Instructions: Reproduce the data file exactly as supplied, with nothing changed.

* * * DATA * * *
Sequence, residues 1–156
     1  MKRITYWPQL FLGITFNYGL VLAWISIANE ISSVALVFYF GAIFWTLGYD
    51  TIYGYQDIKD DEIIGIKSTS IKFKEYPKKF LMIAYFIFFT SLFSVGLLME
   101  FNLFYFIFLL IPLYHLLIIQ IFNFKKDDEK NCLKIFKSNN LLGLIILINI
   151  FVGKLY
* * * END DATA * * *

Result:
Sequence, residues 1–156
     1  MKRITYWPQL FLGITFNYGL VLAWISIANE ISSVALVFYF GAIFWTLGYD
    51  TIYGYQDIKD DEIIGIKSTS IKFKEYPKKF LMIAYFIFFT SLFSVGLLME
   101  FNLFYFIFLL IPLYHLLIIQ IFNFKKDDEK NCLKIFKSNN LLGLIILINI
   151  FVGKLY